|Action||Amendments Regarding Use of Controversial or Sensitive Instructional Materials|
|Comment Period||Ends 1/15/2014|
Reject this amendment, version two.
I decided, after submitting my prior comment, that I wanted to say a few things differently. What follows is my final statement on the matter:
I graduated from Fairfax County Public Schools. So did my wife. My daughter will attend FCPS, when she is old enough. The thing that sets FCPS apart - that makes a public education in this county the equivalent of the best private school education available in most of the rest of the nation - is its commitment to critical thinking and synthesis. Real learning comes when a mind takes in different views, differing realities, and unfamiliar or uncomfortable information, and reacts to that new information This measure will chill educators' ability to present that kind of material and, by extension, to provide the type of learning experience for which FCPS justly has been lauded.
If a parent does not want their child exposed to 'controversial' topics - whatever that means - that parent is free to homeschool their child, or enroll their child in an institution - say, a private religious school - that has as its mission the promulgation of the particular worldview that parent wishes to instill in their child. The express purpose of public education is to produce well-rounded, educated citizens. It is not to provide the education an individual parent might prefer, but to provide the education - the breadth and depth of knowledge and exposure - that best enables a child to be a well-rounded, critically-thinking, broadly-knowledgeable citizen.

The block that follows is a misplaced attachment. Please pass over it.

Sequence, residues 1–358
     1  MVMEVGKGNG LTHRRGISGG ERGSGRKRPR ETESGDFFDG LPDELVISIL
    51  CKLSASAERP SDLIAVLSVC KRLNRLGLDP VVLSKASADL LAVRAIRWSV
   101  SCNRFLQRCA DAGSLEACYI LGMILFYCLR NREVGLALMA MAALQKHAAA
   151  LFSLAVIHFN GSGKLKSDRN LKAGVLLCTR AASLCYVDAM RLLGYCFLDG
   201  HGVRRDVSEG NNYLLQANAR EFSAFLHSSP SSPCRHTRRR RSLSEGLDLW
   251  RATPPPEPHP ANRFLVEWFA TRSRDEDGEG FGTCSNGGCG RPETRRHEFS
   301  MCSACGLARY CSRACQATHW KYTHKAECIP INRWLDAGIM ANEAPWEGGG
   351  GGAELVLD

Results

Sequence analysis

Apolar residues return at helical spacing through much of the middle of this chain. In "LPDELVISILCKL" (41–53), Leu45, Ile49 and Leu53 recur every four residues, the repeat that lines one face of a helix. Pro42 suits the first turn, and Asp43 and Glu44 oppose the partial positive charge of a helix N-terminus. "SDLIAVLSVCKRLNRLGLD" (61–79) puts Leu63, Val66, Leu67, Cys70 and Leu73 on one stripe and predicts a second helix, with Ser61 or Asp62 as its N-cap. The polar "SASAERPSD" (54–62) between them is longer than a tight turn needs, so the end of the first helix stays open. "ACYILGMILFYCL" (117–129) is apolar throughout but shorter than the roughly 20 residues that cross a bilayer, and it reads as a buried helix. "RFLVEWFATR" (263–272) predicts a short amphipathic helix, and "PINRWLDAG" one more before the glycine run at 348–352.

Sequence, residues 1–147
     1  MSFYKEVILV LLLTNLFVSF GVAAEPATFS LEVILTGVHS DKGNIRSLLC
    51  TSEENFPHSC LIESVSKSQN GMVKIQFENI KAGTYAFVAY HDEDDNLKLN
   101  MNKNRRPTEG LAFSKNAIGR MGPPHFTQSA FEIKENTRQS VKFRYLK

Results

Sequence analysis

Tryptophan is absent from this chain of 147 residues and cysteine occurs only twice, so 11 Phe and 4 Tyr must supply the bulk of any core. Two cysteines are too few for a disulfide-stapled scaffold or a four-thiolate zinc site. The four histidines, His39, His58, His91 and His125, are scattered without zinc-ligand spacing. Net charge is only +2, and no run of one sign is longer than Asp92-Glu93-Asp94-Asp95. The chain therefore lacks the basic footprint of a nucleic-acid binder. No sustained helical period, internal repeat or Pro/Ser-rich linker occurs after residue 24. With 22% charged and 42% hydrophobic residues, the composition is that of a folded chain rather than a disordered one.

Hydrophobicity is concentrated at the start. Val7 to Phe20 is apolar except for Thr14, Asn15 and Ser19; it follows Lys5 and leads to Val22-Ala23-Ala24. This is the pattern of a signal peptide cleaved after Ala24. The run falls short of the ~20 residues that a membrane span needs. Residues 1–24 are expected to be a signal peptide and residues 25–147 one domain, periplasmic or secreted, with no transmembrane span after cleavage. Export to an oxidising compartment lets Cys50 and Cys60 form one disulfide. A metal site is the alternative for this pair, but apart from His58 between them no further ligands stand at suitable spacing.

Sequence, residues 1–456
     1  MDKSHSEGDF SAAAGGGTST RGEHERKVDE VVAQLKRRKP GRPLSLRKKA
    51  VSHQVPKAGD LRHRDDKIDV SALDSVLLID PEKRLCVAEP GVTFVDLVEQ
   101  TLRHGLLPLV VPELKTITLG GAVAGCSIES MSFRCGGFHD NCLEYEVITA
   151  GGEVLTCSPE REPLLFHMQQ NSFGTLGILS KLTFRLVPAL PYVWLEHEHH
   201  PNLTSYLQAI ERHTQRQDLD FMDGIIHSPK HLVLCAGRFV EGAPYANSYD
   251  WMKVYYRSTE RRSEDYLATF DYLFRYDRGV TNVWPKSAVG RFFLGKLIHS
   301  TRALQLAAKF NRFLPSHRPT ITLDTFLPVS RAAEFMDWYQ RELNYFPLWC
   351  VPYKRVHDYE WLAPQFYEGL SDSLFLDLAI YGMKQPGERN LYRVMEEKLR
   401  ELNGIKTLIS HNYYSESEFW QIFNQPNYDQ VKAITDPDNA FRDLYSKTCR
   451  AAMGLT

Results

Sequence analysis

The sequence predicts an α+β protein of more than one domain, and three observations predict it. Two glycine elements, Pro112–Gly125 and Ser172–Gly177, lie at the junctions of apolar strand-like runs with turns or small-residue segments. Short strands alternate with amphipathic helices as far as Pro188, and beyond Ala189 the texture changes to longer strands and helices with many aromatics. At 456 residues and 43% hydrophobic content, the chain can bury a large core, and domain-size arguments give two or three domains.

What is controversial? Is homosexuality controversial? Homosexuals exist, no matter what a parent thinks of that reality, and children will encounter people of differing sexual orientations as they grow up and enter the collegiate or the working world. Refusing to, say, present material dealing with gay characters or relationships or to acknowledge that gay people exist - especially ludicrous, as the last two years have seen a steady stream of major news stories regarding the spread of legalized same-sex marriage, including two seminal, although not definitive, Supreme Court cases - is patently silly.
What about a subject which certainly is controversial: abortion? Abortion is legal, no matter what a parent thinks of it, and the opposition to it is also very real. Pretending one or both sides of that very current and present debate does or do not exist, simply because it makes Parent X uncomfortable to think of their child being exposed to that material, does not serve the mission of public education. Ignorance of the existence of a thing does not nullify that existence - it merely renders the ignorant less able to function when confronted with that thing. The world exists as it exists, whether parents like it or not. Shielding children from the concept that there are things about which people fundamentally disagree - that controversy exists - does violence to their ability to think.
Promotion of ignorance regarding 'controversial' topics - the very topics whose resolution, almost certainly, will rely on these young minds - is exactly antithetical to the purpose of a public school system. FCPS should prepare students to think critically about difficult and thorny issues, not simply pretend there are not thorns and leave the children to suss things out on their own. Reject this amendment.